Isacson’s victory, said Wallace—sounding something like Bannon now—proved that his “so-called third party would be the first party in 1948.” National Democrats panicked, thinking that this race showed Wallace’s strength. They were all wrong. The local victory had no national implications, and was not repeated anywhere else. Wallace was defeated overwhelmingly in November, without winning even one electoral vote.

Likewise, Judge Moore’s victory in Alabama’s very peculiar and particular race this week does not mean Bannon can repeat his success in other states in 2018. As they say, all politics is local.

There are, though, other parallels between Bannon’s strategy and that used by the American Communist Party during the New Deal, from 1935 to 1939 and then from 1941 through 1945. During those years, one part of FDR’s coalition was the American Communist Party. At home in the United States, the party called for a “Popular or Democratic Front” against fascism, uniting Communists with Socialists and Liberals, in support of the Roosevelt administration. The party’s leader, Earl Browder, his biographer James G. Ryan writes, “strove passionately to make the Communists not merely the left’s largest party, but a fully legitimate component of the Roosevelt coalition.” Harvey Klehr and John Earl Haynes write that “the essence of the Democratic Front policy, a variant of the Popular Front line officially adopted in 1938, was that the Communist Party had agreed to accept a junior and hidden role in the New Deal and labor movements”….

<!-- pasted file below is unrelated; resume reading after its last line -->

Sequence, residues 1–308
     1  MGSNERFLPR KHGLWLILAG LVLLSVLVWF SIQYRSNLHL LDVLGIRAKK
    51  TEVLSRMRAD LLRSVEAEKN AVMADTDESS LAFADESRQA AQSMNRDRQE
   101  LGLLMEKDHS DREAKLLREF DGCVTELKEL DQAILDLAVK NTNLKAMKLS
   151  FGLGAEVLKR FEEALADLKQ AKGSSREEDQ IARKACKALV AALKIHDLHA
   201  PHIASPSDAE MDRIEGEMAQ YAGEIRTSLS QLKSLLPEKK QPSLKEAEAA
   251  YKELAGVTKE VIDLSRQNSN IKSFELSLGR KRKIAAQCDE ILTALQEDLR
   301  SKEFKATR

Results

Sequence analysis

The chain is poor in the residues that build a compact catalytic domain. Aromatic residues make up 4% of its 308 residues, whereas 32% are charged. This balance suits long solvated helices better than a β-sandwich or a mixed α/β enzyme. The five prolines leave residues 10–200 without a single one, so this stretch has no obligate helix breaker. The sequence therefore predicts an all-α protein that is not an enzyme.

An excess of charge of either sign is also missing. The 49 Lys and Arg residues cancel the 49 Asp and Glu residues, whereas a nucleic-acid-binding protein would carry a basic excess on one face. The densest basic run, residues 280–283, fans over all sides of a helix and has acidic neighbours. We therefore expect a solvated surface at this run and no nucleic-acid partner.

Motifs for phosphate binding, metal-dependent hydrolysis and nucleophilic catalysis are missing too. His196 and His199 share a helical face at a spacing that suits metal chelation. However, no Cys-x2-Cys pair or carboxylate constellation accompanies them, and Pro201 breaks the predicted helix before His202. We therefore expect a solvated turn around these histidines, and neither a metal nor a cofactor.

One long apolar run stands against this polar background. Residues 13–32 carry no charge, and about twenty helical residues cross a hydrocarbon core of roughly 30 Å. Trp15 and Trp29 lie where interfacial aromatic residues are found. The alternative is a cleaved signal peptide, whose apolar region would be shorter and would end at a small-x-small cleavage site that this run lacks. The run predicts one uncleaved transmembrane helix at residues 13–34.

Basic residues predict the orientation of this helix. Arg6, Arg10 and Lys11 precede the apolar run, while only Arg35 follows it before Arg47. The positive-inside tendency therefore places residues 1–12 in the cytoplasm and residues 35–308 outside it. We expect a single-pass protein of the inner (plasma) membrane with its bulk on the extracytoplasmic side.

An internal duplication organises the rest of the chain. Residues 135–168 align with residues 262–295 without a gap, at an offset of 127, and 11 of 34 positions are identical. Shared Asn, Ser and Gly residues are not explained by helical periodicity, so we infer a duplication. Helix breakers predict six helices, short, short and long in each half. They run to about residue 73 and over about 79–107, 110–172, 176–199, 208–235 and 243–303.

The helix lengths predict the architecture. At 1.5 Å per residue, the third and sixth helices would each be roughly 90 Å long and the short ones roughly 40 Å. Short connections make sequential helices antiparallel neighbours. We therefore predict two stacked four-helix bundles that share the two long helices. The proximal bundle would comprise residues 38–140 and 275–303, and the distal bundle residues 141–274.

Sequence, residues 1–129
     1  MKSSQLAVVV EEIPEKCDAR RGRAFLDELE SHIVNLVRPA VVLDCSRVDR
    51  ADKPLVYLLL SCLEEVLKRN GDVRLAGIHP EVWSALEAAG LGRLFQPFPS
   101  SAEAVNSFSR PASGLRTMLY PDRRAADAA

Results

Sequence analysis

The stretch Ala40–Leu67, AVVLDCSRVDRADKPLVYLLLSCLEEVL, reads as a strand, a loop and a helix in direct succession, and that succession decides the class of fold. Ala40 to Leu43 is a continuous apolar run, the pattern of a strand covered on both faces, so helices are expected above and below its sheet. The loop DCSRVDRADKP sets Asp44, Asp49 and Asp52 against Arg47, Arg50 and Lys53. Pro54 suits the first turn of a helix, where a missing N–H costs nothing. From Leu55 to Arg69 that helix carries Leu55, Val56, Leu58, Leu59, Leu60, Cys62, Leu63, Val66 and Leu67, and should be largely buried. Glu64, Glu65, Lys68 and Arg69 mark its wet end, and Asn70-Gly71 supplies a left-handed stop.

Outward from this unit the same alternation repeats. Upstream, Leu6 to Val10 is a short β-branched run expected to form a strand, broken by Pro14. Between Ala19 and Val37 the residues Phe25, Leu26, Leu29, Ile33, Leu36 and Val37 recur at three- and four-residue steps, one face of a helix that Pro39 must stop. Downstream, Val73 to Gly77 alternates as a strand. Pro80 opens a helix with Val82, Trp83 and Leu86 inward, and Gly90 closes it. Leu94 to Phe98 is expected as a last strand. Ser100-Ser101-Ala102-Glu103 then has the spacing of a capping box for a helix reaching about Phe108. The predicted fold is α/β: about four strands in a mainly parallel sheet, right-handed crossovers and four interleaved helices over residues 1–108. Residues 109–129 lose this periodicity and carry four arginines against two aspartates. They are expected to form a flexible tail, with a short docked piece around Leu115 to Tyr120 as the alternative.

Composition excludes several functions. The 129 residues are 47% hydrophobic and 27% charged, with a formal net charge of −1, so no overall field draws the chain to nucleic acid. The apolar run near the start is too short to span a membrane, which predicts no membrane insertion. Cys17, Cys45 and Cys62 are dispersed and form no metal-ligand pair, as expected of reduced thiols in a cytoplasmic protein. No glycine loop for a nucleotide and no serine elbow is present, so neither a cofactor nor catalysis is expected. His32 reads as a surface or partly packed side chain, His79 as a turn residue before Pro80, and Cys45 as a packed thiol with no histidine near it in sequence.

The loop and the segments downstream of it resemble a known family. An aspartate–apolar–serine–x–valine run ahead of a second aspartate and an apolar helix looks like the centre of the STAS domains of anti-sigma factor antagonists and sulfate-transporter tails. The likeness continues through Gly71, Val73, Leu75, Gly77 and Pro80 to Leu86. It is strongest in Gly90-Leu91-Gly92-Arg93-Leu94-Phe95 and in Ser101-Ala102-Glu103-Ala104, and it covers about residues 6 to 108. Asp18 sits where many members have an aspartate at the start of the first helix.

John Meyer reports NSA warned White House against using personal email: